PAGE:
City attorney rules on campaign finance violations

Two campaign finance complaints filed with the city of Idaho Falls were sustained by the Idaho Falls City Attorney’s Office in municipal elections this year.

The most recent opinion from the office found that Businesses for Growth Facts, a Facebook page set up to oppose the Businesses for Growth political action committee that targeted incumbent Mayor Rebecca Casper, violated campaign finance law by not filing as a political committee.

“Idaho’s election law requires all campaign contributions, including in-kind contributions, to be reported,” Assistant City Attorney Mike Kirkham wrote in an opinion released Tuesday. “Even if (Businesses for Growth Facts) does not receive any contributions or does not (make) any expenditures, (the group) must still file as a political committee and submit a report to that effect.”

Attorney Steve Taggart, who previously acted as a spokesman for the group, whose member are anonymous, said he thinks Kirkham’s decision lacks legal foundation. But he said the group is unlikely to go through the effort of challenging the opinion, and will instead likely file a disclosure indicating it never received or spent a dime.

“I think it’s incorrect. I think it flies in the face of the secretary of state’s interpretation, but it is what it is,” Taggart said. “… The question is whether it’s worth the energy.”

Idaho Code defines a political committee, among other ways, as “any person specifically designated to support or oppose any candidate or measure.” In legal terms, a “person” could mean an individual, but also groups of various kinds.

Chief Deputy Secretary of State Tim Hurst previously said there isn’t much case law clarifying what “specifically designated” means in this legal context.

So would a single individual who is an outspoken supporter of a political candidate, who regularly makes social media posts in support of that candidate, need to file paperwork registering as a political committee in order to legally engage in political speech? Under what conditions does a social media group need to file?

Kirkham said he was simply applying the written definition in the state’s Sunshine Law.

“I think the definition is broad, and maybe it’s too broad,” Kirkham said.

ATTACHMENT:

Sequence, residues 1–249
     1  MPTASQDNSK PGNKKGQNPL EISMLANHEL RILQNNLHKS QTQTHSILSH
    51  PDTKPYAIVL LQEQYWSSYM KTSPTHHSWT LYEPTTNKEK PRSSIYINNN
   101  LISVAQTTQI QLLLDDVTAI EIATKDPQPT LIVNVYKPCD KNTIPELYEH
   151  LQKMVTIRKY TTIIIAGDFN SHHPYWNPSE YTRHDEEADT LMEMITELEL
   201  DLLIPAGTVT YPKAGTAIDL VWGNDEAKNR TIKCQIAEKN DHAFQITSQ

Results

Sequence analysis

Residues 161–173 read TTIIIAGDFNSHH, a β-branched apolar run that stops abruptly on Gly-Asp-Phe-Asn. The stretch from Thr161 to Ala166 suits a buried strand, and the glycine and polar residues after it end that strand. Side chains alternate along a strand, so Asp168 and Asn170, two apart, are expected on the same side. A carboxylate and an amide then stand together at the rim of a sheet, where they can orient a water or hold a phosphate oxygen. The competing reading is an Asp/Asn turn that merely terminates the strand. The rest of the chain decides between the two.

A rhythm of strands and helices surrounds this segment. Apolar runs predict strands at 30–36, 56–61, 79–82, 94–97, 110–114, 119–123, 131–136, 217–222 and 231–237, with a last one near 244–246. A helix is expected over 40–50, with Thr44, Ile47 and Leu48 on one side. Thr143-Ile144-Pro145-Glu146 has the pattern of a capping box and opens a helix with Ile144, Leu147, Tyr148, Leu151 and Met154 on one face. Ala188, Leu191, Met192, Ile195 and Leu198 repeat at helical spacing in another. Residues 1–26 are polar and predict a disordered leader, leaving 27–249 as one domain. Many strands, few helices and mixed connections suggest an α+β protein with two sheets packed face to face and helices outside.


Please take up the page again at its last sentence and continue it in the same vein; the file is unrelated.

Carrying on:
Legislation is expected to be introduced next year by a committee which has been working on legislation throughout the interim that will clarify the relationship between Idaho campaign finance law and social media use.

But Kirkham said he felt there were specific features of Businesses for Growth Facts that distinguish it from a single individual or group engaging in ordinary political speech.

“I went to the Facebook page to see what they were doing,” he said. “It did appear the Facebook page had a stated purpose, to oppose another political committee.”

It was also clear, he said, that the group intended to influence the outcome of the election, pushing voters toward Casper and away from challenger Councilwoman Barbara Ehardt.

Kirkham said the group also distinguished itself as a political committee by using an anonymous group account, rather than using individual accounts with its members’ actual names names attached.

“They don’t say who they are,” Kirkham said. “They never identify where their influence is coming from.”

Evan Bastow, who filed the complaint against Businesses for Growth Facts, said he was pleased by the outcome.

“I think it’s good,” he said. “They’ve been determined to be a political committee.”

He also said he wasn’t concerned about the timing of the report’s release late on Election Day.

“I don’t think it was going to have any effect on the election,” he said. “That didn’t bother me at all. I think they’re just trying to get this group to do the right thing.”

Kirkham also provided a copy of an October opinion that former city council candidate Dan Beck violated campaign finance law by failing to list a helicopter flight by his father, Doyle Beck, at the Emotion Bowl. Doyle Beck delivered the game ball while flying a “Dan Beck for City Council” sign on the side of the aircraft. Doyle Beck was also one of the main funders of the Businesses for Growth PAC, which opposed Casper.

“Although personal services of campaign volunteers are exempt, the helicopter promotion performed on behalf of (Dan Beck’s) campaign was not, in the opinion of the City Attorney’s Office, the sort of service that is commonly performed by volunteer campaign workers,” Kirkham wrote. “As a result, the helicopter promotion contribution should have been disclosed on (Dan Beck’s) disclosure report.”


Reporter Bryan Clark can be reached at 208-542-6751.


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